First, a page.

Monday, 13 April 2009
Lucky Tubb and The Modern Day Troubadours - Damn The Luck
Lucky Tubb is the great nephew of the legendary honky tonk singer, Ernest Tubb. Ernest was one of the biggest stars in country music history who amassed no fewer than 82 hits between 1944 and 1979. Poor ol’ Lucky is going to enjoy about 82 hits fewer than that, not because he’s bad, in fact he’s good, very good, but he suffers from the modern day syndrome of being too country. Let’s be honest, his Uncle Ernie would be laughed out of Nashville nowadays with his chiselled looks and un-CMT vocals delivery.
The fact that Lucky won’t be the darling of the Nashville scene, will no doubt suit him fine. He comes from the Wayne Hancock, Hank III school of hillbilly, happy to tour the bye-roads of small town America in the tradition of the likes of Tubb and Bill Monroe. The other thing to consider is that he isn’t just making a living as an uncle Ernest tribute singer, Lucky Tubb is very much his own man. He’s lived a troublesome life and has his own story to tell. He’s toured as opening act for Dwight Yoakam, Ray Price and Hank III but on this listening, I think he’s gonna be the headliner pretty soon.
Damn the Luck is Tubb’s second album, following Generations, six long years ago. This latest release was recorded live in the studio in just one day! The Modern Day Troubadours are Tubb on vocals and rhythm guitar, Natalie Page Monson on fiddle and harmony vocals, Jericho Renshaw on lead guitar, Casey Gill on slap bass and Steve England on pedal steel, dobro and mandolin.
The album evokes the sounds and smells of lost highway juke joints, ala Wayne Hancock but without that bloody trumpet, that seems to get more and more airplay. What I love about this album is that you can’t see the seams between the songs written 50 years ago and the ones written today. Lucky himself wrote six of the eleven songs, and there’s a quartet of vintage family numbers. Not Ernest, but his Uncle Douglas who wrote three of them between 1952 and 1956, and another relative, Ronnie Wade wrote one in 1957.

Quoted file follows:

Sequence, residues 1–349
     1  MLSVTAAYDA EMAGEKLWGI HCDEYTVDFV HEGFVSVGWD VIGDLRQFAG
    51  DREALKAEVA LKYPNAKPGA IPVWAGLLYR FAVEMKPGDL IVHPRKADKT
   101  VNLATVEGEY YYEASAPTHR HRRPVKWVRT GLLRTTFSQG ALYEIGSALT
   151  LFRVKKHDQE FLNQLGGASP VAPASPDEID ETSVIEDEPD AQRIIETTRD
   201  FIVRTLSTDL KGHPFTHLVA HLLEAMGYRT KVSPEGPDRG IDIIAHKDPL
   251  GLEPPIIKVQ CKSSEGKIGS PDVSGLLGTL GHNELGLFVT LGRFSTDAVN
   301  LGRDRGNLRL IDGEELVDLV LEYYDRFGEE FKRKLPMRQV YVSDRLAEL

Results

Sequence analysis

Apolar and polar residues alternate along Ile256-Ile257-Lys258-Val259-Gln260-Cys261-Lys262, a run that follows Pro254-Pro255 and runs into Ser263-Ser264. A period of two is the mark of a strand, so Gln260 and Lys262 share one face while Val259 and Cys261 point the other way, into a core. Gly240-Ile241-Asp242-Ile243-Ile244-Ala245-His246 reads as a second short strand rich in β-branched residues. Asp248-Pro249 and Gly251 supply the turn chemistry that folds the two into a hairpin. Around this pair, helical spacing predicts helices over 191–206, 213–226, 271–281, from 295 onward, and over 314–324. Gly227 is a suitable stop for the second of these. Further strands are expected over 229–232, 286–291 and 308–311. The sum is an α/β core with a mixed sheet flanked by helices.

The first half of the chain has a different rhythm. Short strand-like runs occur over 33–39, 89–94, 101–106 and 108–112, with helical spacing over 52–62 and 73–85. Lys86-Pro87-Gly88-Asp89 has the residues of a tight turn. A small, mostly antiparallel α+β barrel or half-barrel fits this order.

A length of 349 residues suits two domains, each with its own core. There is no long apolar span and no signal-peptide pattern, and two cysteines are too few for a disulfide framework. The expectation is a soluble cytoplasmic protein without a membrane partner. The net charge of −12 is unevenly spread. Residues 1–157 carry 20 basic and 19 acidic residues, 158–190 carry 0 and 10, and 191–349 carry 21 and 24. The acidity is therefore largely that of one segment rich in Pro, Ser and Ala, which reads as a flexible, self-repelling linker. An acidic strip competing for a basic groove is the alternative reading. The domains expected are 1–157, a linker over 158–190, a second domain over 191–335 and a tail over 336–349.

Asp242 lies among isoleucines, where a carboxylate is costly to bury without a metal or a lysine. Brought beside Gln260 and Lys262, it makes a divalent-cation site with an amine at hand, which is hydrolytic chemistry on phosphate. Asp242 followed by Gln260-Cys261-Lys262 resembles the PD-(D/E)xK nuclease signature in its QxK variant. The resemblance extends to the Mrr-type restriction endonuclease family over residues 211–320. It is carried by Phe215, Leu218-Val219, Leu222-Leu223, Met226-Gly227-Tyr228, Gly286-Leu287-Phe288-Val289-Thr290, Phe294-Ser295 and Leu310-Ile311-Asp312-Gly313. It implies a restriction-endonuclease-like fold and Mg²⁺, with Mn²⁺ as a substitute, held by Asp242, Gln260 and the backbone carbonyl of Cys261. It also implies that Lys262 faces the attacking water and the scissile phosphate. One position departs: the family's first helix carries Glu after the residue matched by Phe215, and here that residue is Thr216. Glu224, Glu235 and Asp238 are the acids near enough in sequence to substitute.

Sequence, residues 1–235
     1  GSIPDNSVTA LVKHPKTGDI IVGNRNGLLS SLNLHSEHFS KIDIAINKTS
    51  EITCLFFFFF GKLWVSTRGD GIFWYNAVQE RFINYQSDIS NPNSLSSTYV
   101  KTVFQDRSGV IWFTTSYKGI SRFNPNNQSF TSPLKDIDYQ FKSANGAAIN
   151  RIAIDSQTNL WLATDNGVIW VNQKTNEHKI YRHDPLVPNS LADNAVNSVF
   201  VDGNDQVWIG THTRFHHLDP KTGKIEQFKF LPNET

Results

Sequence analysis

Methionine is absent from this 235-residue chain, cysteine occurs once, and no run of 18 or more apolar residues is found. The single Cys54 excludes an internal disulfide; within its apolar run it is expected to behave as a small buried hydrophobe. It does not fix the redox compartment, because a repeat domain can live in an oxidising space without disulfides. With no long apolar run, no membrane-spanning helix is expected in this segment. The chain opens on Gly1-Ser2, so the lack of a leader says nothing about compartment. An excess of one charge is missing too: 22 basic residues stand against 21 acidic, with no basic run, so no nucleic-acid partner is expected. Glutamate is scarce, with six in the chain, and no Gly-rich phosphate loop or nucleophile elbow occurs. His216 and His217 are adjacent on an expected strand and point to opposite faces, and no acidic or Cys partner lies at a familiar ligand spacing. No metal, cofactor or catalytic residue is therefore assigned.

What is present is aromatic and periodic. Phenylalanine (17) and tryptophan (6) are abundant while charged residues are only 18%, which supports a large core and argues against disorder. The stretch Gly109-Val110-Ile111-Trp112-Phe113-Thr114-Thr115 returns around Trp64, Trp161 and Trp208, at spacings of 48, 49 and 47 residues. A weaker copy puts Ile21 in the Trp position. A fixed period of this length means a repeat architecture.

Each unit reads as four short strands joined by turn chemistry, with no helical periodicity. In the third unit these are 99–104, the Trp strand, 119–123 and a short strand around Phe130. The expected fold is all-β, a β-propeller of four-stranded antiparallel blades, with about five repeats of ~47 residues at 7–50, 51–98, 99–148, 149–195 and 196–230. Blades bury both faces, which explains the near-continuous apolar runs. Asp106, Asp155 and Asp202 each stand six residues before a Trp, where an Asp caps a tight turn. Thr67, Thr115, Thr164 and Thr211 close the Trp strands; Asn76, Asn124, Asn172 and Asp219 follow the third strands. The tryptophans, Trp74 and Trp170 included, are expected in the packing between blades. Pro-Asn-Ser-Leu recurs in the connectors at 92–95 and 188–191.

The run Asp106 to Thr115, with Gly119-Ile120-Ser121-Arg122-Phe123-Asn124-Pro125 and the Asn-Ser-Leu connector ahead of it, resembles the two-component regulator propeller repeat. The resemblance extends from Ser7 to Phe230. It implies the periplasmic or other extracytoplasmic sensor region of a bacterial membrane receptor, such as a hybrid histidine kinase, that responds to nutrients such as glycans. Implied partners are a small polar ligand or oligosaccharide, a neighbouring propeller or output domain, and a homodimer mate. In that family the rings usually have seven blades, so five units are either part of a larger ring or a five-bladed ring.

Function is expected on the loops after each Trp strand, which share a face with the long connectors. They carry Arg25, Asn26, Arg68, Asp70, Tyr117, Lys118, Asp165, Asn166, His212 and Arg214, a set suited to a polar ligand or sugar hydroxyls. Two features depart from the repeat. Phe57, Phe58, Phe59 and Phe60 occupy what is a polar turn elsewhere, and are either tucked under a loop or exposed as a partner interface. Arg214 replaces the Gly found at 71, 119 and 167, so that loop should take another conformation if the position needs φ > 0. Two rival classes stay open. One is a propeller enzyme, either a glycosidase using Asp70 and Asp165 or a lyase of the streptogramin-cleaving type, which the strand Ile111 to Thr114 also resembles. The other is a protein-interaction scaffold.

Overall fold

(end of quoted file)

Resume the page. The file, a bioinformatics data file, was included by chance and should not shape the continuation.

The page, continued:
As soon as the album kicks off with Used Up Love I just knew I was going to love it. Huntsville sees him in prison (he actually spent 5 years behind bars, including time in Huntsville) where “some Mexican wants to make me his wife – but I don’t think so”. You’ll enjoy the lyrics and you’ll drool over Renshaw’s gittar. Bakersfield pays tribute to the sound that put the city on the map with Renshaw and England taking top honours again.
I could hear a bit of Chet Atkins in Renshaw’s picking on The World Is A Monster which along with Sweet Mental Revenge sees country music’s infamous dark side come to the fore. It ain’t all neon signs and parties with hillbilly gals in denim shorts and cowboy boots.
I love the chugging rhythm of Keeping Time, with it’s Drifting Cowboys lonesome sound and some great honky tonk vocals from Tubb. It’s Your Wagon is fine up-tempo hillbilly with The Modern Day Troubadours showing what a fine country band they are – Casey Gill’s bass driving the whole thing along.
Honky Tonkin’ isn’t the Hank Williams classic, but is an enjoyable slab of hillbilly with Gill again sounding right on the money - “Got my baby by my side, and Bob Wills on the box”. There’s more hot picking on Annie Don’t Work No More with Renshaw’s rocking guitar and the backing vocals giving it a real rockabilly feel. The way he signs “rrrrrrock” is superb. The CD closes with the title track, a honky tonker which along withy Annie, is the highlight of a fabulous album.
The only youTube clip I could find is the one below, and although it only runs for about a minute it gives a glimpse of what they sound like live.